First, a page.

One thousand five hundred people now live in canvas tents on a football field-sized patch of dirt. On another field a few hours away, 200 people sleep each night with no blankets and no roof.

These are the situations at two refugee camps outside of Cape Town, South Africa. The first camp is De Doorns. The second is Blue Waters. They tell the story of refugees in South Africa.

In May 2008 violence erupted against foreigners in townships in South Africa. Thousands fled their homes for refugee camps throughout the nation. The Western Cape then established the ‘Blue Waters Internally Displaced Persons Camp” to house the displaced.

In a separate incident in November 2009, at the small farming community if De Doorns, two hours outside of Cape Town, more xenophobic violence in the townships forced resident Zimbabweans out of their tin-roofed homes.

Most of the refugees originally fled Zimbabwe, where once vibrant cities are now ghost towns. I visited the tourist mecca of Victoria Falls, where the shops are closed, the windows shuttered and the building interiors gutted. It is not an abandoned ghost town. People do still live there.

Zimbabwe is a country with great potential. It is actually quite safe to travel to and walk around in. Its people are friendly, peaceful and innovative, its cities have decent infrastructure for both business and tourism and some of its public utilities still generally work.

Bulawayo, for example, is a beautiful city full of wide avenues, originally designed for horse and buggy. ATMs, though they are inoperable for foreigners, are everywhere.
You can even take some trains, cockroaches and all.
The poor conditions for many in Zimbabwe are perhaps the best explanation for why many Zimbabwean people have left their country. Even working in a refugee camp or as farm laborers, they have the opportunity to earn more than in Zimbabwe.

De Doorns

About 1,500 live in tents on a rugby field in De Doorns. They are surrounded by barbed wire and work 12 hours per day for $6 to $7 a day on farms. By the end of the month they will be out of work once the farms shut down for the winter. The UN has abandoned the site. The local government periodically shuts down water access. The portable toilets are absolutely filthy and have not been cleaned in a month.

More tents are locked up in a government building nearby and are not being removed for use. There is no access to proper medical care. Prostitution is the most recent development, probably to supplement wages. Most children have not been to school since entering the camp. Cooking is done mainly with propane tanks, so the canvas tents routinely burn down.

The Non-Governmental Organization PASSOP the Afrikaans word for beware campaigns for refugees’ rights and has attempted to monitor the conditions in the camp. I volunteer for PASSOP and have visited both camps. For unknown reasons, PASSOP has been recently forbidden from entering the De Doorns camp. No one in government is taking responsibility for the decision.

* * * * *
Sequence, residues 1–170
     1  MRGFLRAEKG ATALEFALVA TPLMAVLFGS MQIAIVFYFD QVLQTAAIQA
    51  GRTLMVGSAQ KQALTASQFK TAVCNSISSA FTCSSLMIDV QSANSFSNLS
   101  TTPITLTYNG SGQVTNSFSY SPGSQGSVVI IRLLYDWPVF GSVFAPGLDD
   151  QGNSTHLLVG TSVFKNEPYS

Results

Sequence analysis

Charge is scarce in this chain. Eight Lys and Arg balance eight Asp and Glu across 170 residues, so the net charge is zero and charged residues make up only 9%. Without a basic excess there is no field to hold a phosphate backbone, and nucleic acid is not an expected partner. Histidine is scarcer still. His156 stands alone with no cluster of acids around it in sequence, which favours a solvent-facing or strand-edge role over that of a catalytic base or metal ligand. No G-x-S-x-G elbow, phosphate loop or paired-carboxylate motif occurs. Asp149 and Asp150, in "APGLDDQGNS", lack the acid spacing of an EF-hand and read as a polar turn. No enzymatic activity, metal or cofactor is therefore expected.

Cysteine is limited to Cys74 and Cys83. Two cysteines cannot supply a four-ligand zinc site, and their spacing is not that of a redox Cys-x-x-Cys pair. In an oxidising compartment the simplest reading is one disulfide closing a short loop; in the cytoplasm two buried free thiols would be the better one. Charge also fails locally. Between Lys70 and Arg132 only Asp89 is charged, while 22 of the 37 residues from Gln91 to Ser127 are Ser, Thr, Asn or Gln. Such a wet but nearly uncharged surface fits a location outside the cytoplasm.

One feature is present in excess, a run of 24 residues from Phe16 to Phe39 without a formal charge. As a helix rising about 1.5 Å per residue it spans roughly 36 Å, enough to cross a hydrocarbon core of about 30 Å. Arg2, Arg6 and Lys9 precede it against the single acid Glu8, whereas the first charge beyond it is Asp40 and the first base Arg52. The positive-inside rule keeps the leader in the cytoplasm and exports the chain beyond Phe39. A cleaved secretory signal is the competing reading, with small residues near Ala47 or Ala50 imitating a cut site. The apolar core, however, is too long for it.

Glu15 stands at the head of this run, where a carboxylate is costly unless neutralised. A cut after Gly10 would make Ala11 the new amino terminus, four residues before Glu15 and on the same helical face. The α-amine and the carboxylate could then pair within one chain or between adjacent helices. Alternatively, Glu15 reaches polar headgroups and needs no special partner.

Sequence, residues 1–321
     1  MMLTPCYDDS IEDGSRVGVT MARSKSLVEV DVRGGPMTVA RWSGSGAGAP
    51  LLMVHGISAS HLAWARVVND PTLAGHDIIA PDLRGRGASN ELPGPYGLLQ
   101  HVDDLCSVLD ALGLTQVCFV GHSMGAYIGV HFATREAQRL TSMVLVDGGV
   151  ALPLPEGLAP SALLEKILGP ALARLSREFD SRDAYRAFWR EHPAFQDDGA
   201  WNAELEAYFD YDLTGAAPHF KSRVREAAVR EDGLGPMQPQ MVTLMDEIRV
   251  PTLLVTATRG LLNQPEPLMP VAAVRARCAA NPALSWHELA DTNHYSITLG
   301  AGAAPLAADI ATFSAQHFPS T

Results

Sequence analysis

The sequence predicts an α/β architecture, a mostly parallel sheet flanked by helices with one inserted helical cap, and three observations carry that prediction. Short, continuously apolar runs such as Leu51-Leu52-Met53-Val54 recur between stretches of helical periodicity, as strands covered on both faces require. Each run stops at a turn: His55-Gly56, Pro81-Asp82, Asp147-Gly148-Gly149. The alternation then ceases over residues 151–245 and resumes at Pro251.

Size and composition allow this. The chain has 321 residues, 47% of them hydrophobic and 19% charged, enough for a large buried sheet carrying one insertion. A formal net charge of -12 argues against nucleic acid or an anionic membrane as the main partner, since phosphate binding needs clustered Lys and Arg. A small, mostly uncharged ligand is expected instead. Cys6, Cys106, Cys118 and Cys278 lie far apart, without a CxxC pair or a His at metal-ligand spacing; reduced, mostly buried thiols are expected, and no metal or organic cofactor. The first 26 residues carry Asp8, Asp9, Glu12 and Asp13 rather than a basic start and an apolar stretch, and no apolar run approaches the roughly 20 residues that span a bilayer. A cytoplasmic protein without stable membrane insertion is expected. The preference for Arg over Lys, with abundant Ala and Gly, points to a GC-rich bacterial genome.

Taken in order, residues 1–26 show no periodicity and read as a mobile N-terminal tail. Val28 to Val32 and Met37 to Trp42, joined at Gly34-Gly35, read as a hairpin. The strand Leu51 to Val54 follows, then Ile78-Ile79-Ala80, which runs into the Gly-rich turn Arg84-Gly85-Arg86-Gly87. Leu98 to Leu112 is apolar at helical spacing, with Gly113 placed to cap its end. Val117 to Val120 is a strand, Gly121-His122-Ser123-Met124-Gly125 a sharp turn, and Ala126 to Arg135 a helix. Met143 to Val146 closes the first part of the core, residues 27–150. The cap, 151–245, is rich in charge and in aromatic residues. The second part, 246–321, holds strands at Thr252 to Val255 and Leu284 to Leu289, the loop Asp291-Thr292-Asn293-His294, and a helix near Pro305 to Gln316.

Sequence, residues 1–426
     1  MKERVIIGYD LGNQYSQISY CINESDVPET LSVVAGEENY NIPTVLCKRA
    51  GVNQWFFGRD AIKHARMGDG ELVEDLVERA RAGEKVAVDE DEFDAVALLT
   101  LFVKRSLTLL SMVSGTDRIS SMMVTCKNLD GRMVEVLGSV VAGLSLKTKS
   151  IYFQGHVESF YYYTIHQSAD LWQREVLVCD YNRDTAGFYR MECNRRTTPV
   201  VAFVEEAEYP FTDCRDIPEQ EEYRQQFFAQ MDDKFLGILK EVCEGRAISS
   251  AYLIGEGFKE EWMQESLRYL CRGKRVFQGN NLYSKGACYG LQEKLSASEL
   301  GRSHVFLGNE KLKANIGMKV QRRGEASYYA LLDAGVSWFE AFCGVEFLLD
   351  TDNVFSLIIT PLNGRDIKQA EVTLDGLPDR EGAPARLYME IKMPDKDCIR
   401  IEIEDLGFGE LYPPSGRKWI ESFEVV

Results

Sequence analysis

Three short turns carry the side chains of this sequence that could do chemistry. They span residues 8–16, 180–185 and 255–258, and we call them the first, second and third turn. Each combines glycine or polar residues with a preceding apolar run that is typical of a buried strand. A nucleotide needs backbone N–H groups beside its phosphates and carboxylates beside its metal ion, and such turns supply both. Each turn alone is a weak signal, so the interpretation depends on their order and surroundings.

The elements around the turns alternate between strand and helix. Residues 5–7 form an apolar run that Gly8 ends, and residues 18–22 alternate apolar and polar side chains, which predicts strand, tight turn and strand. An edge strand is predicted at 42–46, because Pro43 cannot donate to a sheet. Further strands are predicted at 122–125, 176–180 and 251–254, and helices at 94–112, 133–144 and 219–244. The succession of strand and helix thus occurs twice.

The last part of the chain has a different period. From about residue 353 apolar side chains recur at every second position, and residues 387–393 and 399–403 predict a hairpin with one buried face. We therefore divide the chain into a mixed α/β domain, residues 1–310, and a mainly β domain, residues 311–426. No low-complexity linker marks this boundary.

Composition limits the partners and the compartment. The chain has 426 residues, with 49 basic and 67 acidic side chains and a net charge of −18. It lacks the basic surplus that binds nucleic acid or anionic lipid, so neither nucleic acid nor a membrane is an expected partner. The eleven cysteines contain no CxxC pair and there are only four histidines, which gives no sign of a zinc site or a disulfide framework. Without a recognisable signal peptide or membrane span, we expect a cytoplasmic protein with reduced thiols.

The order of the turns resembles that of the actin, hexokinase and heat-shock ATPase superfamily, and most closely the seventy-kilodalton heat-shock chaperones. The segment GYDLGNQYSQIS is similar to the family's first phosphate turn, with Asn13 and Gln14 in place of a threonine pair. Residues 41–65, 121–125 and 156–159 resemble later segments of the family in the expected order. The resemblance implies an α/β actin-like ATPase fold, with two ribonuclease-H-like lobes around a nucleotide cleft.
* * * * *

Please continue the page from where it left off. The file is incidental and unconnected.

The Zimbabweans are beneficial to the farms who have deep influence with local officials because they will work for less than South Africans. The Zimbabweans, most of whom have at least a high school education, are the product of Zimbabwe’s once enviable education system. The nation still has Africa’s highest literacy rate of 91.2 percent, according to the 2009 United Nations Human Development Report.

The local government knows that if PASSOP cannot file a human rights report, then there is little that the NGO can do about the situation without a report and the quantitative data that goes along with it.

Blue Waters

‘Blue Waters Internally Displaced Persons Camp,” officially closed Monday, April 6, when the High Court in Western Cape Province signed an eviction order.

About 200 people still live at Blue Waters. They refuse to move, saying that the surrounding townships are too dangerous. The fear of death for them there is too great. Some even hold the fantastic hope that they will be transferred to Canada.
No one really knows where those who have left have gone. Many are likely homeless. So far the authorities have been judicious with the refugees at Blue Waters; the police, who do not seem to take pleasure in their task, have not yet forcibly removed them with tear gas.

Because the camp technically no longer exists, the UNCHR has left the site, and the remaining refugees have not been allowed to construct structures for shelter. Only two small tin shacks exist. The people must sleep on the ground under the sky. On Monday, the Cape Argus newspaper reported the discovery of 45 evicted children huddling in a public bathroom for shelter. PASSOP was forbidden to give blankets to the refugees because it might encourage them to remain.

These camps are most wretched places, and they have no forseeable positive solutions.
That is the nature of the situation.

Otis is a member of the class of 2011.



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